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How to Determine if Your Child is Ready for Sports

Submitted by on August 22, 2012 – 10:08 pmNo Comment

Tips on Finding a Youth Sports Program for your Child

Individual sporting activities and “non-traditional” team sports lead to wonderful learning experiences for children. Keeping your kids active and interacting more with peers are both valuable to a young child’s development. I was a competitive figure skater growing up. I competed individually and as part of a team so I had the best of both kinds of sporting experiences.

The Dallas / Ft Worth area has numerous options for all kinds of sports-related activities. Whether it is a program with lots of structure or a more casual atmosphere, you will find diverse choices such as swimming, dance, martial arts, gymnastics, ice-skating and more.

My almost 6 year old daughter takes ice skating lessons and has also tried Fall outdoor and indoor soccer. My now 3 1/2 year-old son played early Spring soccer as his first team sports experience. He loved it and it really started to set the basis for playing with other children and learning to follow directions as well as listening to a coach. We registered for Spring T-Ball (although it felt more like Summer with the heat). He definitely took to T-Ball and is anxious to start the Fall season.  My kids were ready when we started, but for many kids that are 3 or even 4 years old, sports skills classes, group activities (and especially team sports) can be overwhelming. That is why it is so important as a parent to “listen” to your own child. 

Before you get your kids involved in any kind of activity you need to ask yourself: is your child ready to enroll in a sports class? Secondly, you need to find the right class/location for you and your child, and make sure that the program and teachers fit your expectations.

Here are my tips for finding the right place for both you and your child. These tips are based on my 15 years of experience as a Skating Programs Director and, more importantly, as a mom of two youngsters!

Many classes start at age 3 (and potty trained) – but just because they start children that young does not mean it is right for YOUR child.

Ask yourself these questions before you get started: If you answer yes to them, your child is probably ready; if you answered no to any of them, you might want to wait 6 months and re-evaluate. (With that thought in mind, before you enroll, check the refund/credit policy of the class or ask if they offer a ‘try it’ class or a shorter session of lessons so you can see if your child likes it before you invest too much money in the activity).

  • Can your child take direction from someone other than their parent?
  • Has your child expressed interest in the particular sport (at home, watching TV)? When you ask if they would like to play a sport or take a class, what is your child’s reaction?
  • Does your child do well taking turns?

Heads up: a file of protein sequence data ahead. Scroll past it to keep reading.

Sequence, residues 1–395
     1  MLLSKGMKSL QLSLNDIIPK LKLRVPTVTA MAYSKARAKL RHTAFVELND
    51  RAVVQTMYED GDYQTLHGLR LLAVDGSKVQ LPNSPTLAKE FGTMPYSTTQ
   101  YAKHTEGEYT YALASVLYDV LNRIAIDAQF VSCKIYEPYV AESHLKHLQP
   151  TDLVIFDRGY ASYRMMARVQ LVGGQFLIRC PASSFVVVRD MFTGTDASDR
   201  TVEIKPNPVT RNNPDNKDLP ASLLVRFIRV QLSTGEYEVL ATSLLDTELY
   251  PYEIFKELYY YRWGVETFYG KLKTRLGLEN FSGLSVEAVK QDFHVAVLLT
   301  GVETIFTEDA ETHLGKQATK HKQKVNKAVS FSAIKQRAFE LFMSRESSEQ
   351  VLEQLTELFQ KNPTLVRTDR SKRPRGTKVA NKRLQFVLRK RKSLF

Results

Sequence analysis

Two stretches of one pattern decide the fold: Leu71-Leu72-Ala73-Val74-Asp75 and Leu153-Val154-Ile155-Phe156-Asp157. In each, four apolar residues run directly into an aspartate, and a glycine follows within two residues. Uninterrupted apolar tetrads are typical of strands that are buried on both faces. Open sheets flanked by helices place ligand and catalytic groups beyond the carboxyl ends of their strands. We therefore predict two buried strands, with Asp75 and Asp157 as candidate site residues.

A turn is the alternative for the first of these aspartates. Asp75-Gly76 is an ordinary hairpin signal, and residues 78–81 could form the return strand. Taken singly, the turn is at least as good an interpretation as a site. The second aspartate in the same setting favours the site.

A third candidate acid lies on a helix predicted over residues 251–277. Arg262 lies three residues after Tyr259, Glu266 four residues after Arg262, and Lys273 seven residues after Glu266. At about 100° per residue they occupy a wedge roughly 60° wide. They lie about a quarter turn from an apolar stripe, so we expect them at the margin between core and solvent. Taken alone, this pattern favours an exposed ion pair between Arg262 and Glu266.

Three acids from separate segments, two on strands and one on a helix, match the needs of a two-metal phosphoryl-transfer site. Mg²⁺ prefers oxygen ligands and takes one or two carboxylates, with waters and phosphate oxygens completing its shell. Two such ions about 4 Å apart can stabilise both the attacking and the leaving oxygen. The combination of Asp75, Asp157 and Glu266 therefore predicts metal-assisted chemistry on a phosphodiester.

• Does he play well with other children and as a general rule know how to share?

With so many businesses offering kids classes it may seem overwhelming at first. Here are my tips on narrowing it down and finding a good, quality program.

  • Get a referral! Find a friend, acquaintance or co-worker that has had an experience at the location. Truly there is no better way to learn about a class/location than through someone that has had their child participate.
  • Check out their website and Facebook page. Do they have information that is helpful and useful to you? What kind of content do they post? Are they informative and trying to connect with their customers?
  • Read their program brochure for the rules and policies and the coaching/teacher credentials and bios.
  • Visit in person! See for yourself. Is the place clean? Are you greeted by friendly staff members? Do the staff members care about your business and the well-being of your child?
  • If you have specific questions pertaining to your child, speak directly to the program manager. The response should be courteous, helpful and timely.
  • Observe a class in session. Watch the teachers and how they interact with the students.
  • Consider the location relative to your house, work, or school.
  • Can you get your child there on time?
  • Is there convenient parking?
  • Do they have a lobby or waiting area for parents?

Don’t forget …  it is important to ask yourself,  are you ready ? Do you have the time to commit to classes, games, practices.  Even something that happens one day a week, you need to make sure it fits into your family schedule! Getting your kid involved in sports or activities should not be stressful experience.

In the end, don’t be afraid to go with that gut instinct you have as a parent. Even if you have had some great referrals, if it doesn’t fit YOUR expectations or if it doesn’t seem like the right place for YOUR child, try some place else. There are plenty of choices out there.

Check out some of our great clients that offer programs for young children. Activities Directory

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